If only the government of Samoa knew anything at all about this process:

The sudden dumping of Daylight Savings Time by the Government last week left much of the nation waking up in confusion on Sunday as their phones and other devices automatically updated to show the wrong time.

At the time of writing mobile phones and other cellular-enabled devices and computers were displaying the time as 10 am when, in fact, under the new policy it was 9 am. 

Many Samoans who rely upon their phones as alarm clocks were awoken or arrived at church early because of the automatic update to their mobile devices.

The decision taken by the Cabinet to not activate daylight savings time this year was apparently made earlier this month. 

The coordinators of the TZDB hold their collective breaths each year while waiting for certain religious authorities to decide when to change the clocks in about a dozen populous countries in the Middle East and Africa. But those countries know about the tight timing and work with IANA and their mobile providers to prevent exactly what happened today in Samoa.

It turns out, no one even bothered to tell us that Samoa had cancelled daylight saving time until yesterday, and no one in Samoa's government ever sent us the official notice from 10 days ago.

Nice work, guys.

Nobody ever listens to poor Zathras.

Beautiful autumn morning

I've opened nearly every window in my house to let in the 15°C breeze and really experience the first real fall morning in a while. Chicago will get above-normal temperatures for the next 10 days or so, but in the beginning of October that means highs in the mid-20s and lows in the mid-teens. Even Cassie likes the change.

Since I plan to spend nearly every moment of daylight outside for the rest of this weekend, I want to note a few things to read this evening when I come back inside:

Finally, if you really want to dig into some cool stuff in C# 10, Scott Hanselman explains implicit namespace support.

Horse Thief Hollow, Chicago

Welcome to stop #57 on the Brews and Choos project.

Brewery: Horse Thief Hollow, 10426 S. Western Ave., Chicago
Train line: Rock Island, 103rd–Beverly Hills
Time from Chicago: 26 minutes (Zone C)
Distance from station: 1.3 km

About 180 years ago, the low, swampy area where 111th Street meets Vincennes Avenue today provided excellent cover for a band of horse thieves who plagued the farmers far to the south of Chicago. In 2013, Neil Byers opened a restaurant and brewery nearby.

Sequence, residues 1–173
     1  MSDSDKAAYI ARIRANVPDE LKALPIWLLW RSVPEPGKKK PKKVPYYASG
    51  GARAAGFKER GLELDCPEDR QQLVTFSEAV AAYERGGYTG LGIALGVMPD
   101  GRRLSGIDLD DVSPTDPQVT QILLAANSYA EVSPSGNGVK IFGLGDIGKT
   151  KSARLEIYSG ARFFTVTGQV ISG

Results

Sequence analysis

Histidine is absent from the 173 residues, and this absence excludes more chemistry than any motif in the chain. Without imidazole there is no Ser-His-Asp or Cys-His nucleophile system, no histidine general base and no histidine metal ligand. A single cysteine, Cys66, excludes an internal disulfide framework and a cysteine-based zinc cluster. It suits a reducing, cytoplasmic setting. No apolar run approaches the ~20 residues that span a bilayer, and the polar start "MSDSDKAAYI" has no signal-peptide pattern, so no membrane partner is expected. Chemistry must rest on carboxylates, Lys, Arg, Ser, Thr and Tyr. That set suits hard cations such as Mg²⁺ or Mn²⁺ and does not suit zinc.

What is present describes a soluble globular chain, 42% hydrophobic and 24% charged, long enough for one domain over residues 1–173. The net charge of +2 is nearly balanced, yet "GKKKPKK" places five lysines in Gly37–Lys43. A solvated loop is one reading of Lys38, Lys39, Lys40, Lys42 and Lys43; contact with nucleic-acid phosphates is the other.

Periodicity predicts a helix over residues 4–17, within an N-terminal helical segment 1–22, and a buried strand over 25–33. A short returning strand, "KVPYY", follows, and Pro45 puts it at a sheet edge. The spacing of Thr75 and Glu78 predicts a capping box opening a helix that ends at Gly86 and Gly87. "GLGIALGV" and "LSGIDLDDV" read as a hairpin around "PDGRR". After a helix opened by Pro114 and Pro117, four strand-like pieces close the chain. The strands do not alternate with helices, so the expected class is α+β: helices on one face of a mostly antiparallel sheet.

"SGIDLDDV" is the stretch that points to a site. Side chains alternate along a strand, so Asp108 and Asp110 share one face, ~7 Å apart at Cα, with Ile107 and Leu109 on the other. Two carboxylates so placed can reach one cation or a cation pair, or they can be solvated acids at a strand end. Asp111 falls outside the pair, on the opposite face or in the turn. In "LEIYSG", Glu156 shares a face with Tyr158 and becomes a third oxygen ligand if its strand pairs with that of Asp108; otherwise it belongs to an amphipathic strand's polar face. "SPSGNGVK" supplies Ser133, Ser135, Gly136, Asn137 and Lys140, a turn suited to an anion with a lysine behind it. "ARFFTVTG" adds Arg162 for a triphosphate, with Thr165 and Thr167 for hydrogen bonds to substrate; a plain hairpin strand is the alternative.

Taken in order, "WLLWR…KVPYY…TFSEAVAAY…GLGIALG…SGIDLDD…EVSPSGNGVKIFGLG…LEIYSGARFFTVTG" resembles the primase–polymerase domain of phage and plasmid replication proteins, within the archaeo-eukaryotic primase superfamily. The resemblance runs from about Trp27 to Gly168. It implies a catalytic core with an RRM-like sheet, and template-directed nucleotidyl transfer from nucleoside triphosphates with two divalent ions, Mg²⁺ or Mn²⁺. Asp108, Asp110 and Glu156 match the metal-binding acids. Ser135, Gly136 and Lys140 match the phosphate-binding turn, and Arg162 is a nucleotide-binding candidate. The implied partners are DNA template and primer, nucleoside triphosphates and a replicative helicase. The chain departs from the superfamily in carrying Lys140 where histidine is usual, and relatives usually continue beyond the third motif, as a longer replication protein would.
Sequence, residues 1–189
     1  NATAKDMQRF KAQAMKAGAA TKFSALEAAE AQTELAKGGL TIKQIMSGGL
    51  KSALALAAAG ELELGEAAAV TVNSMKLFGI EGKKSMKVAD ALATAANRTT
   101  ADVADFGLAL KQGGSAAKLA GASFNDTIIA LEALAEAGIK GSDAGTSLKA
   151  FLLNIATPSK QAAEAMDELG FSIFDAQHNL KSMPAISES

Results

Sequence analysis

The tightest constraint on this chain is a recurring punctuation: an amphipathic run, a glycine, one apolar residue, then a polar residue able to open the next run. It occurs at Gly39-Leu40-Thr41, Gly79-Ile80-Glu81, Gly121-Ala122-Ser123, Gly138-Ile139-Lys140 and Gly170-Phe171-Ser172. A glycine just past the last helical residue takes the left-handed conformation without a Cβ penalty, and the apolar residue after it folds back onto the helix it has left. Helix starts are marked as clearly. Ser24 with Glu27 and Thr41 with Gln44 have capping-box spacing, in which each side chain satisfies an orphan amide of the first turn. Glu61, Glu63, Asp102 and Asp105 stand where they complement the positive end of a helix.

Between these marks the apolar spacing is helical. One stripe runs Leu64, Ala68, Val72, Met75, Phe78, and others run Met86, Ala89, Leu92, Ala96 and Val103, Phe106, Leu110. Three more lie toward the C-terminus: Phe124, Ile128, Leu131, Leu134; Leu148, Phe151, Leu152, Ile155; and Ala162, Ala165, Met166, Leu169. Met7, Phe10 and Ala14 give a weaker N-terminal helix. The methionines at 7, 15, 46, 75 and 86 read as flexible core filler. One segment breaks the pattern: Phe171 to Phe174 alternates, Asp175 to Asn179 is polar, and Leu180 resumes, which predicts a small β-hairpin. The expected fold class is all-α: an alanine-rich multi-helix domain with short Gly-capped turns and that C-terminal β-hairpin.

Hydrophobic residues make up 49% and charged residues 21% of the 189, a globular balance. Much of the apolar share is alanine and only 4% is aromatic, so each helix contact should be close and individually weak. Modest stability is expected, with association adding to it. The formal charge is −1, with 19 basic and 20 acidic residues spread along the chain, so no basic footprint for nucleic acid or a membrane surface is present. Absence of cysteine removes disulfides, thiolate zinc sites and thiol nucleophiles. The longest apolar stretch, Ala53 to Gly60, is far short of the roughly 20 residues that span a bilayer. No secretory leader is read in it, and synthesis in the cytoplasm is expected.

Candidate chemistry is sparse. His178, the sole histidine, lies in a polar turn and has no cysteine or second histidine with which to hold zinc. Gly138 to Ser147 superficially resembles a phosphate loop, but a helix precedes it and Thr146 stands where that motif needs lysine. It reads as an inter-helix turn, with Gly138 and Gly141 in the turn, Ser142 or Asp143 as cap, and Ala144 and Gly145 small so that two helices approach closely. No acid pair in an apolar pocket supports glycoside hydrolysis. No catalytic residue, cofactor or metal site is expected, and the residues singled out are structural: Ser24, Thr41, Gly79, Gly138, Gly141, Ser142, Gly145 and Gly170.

Eight years in, they are worth the trip to the hind end of Chicago. They not only have many tasty beers, but also they have a smoker and lots of pork to smoke in it. I tried their flight, which comprises six 100-mL pours:

I started with the Little Wing Pilsner (5.2%), a crisp, malty lager with a clean finish. Next, the Annexation West Coast IPA (7.2%), bursting with Citra fruitiness and almost a little tartness, a good example of the expression—but my socks stayed on my feet. The Kitchen Sink "Old School" APA (5.7%) was very good, more flavorful than the Annexation but not obnoxiously so. I had two Spoonful double dry-hopped hazy IPAs (6.5%), and found them nice and hoppy with good juiciness and a clean finish. Finally, I tried the Mannish Boy American Stout (5.0%), which was dryer than I expected, with great flavor, and a long hoppy finish I liked.

The pulled pork sandwich did, it turns out, knock my socks off. So did the beer garden, which (alas) will revert to being a parking lot when the weather turns colder.

As I mentioned yesterday, I got pinned down for an hour by a fast-moving but strong thunderstorm. Fortunately they serve beer inside as well. After the storm passed I had about 25 minutes to walk to the Metra, so I took my time strolling through Beverly. About three blocks in, I encountered this guy:

He didn't seem particularly interested in me, though he kept his distance. Instead he rid the neighborhood of at least one rat and carried on with his evening. Thanks, friend fox.

Beer garden? Yes (summer only)
Dogs OK? No
Televisions? A few, avoidable
Serves food? Full menu
Would hang out with a book? Yes
Would hang out with friends? Yes
Would go back? Yes